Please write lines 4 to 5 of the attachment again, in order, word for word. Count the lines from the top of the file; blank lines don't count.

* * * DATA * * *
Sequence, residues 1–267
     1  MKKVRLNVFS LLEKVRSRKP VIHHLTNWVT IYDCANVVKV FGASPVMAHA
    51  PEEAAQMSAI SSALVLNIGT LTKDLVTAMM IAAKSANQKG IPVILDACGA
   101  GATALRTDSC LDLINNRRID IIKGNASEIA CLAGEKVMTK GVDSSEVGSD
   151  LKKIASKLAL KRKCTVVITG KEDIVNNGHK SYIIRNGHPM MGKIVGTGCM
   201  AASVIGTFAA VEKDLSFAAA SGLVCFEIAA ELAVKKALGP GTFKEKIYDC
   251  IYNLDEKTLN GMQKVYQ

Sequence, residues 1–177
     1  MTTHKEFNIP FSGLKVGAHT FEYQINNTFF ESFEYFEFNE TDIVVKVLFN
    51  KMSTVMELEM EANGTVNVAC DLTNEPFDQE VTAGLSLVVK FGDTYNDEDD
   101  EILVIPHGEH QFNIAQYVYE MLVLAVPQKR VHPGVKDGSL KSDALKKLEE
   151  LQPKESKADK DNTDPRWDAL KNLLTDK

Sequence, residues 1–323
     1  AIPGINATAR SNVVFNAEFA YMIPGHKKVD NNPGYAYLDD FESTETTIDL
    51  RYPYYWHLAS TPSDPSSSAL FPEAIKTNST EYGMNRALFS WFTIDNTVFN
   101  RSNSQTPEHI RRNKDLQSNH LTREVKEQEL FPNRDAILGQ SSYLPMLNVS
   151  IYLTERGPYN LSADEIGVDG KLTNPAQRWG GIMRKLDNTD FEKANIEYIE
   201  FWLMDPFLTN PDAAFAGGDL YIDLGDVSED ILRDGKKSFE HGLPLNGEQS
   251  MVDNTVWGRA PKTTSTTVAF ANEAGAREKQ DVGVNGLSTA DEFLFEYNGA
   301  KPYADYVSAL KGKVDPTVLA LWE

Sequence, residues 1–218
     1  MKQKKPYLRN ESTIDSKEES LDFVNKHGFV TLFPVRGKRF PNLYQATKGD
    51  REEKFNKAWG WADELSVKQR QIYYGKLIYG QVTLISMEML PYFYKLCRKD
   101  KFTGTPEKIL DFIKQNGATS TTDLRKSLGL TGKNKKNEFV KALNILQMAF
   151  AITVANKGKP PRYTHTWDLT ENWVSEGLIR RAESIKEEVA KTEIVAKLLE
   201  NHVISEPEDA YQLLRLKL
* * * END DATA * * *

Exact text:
   101  GATALRTDSC LDLINNRRID IIKGNASEIA CLAGEKVMTK GVDSSEVGSD
   151  LKKIASKLAL KRKCTVVITG KEDIVNNGHK SYIIRNGHPM MGKIVGTGCM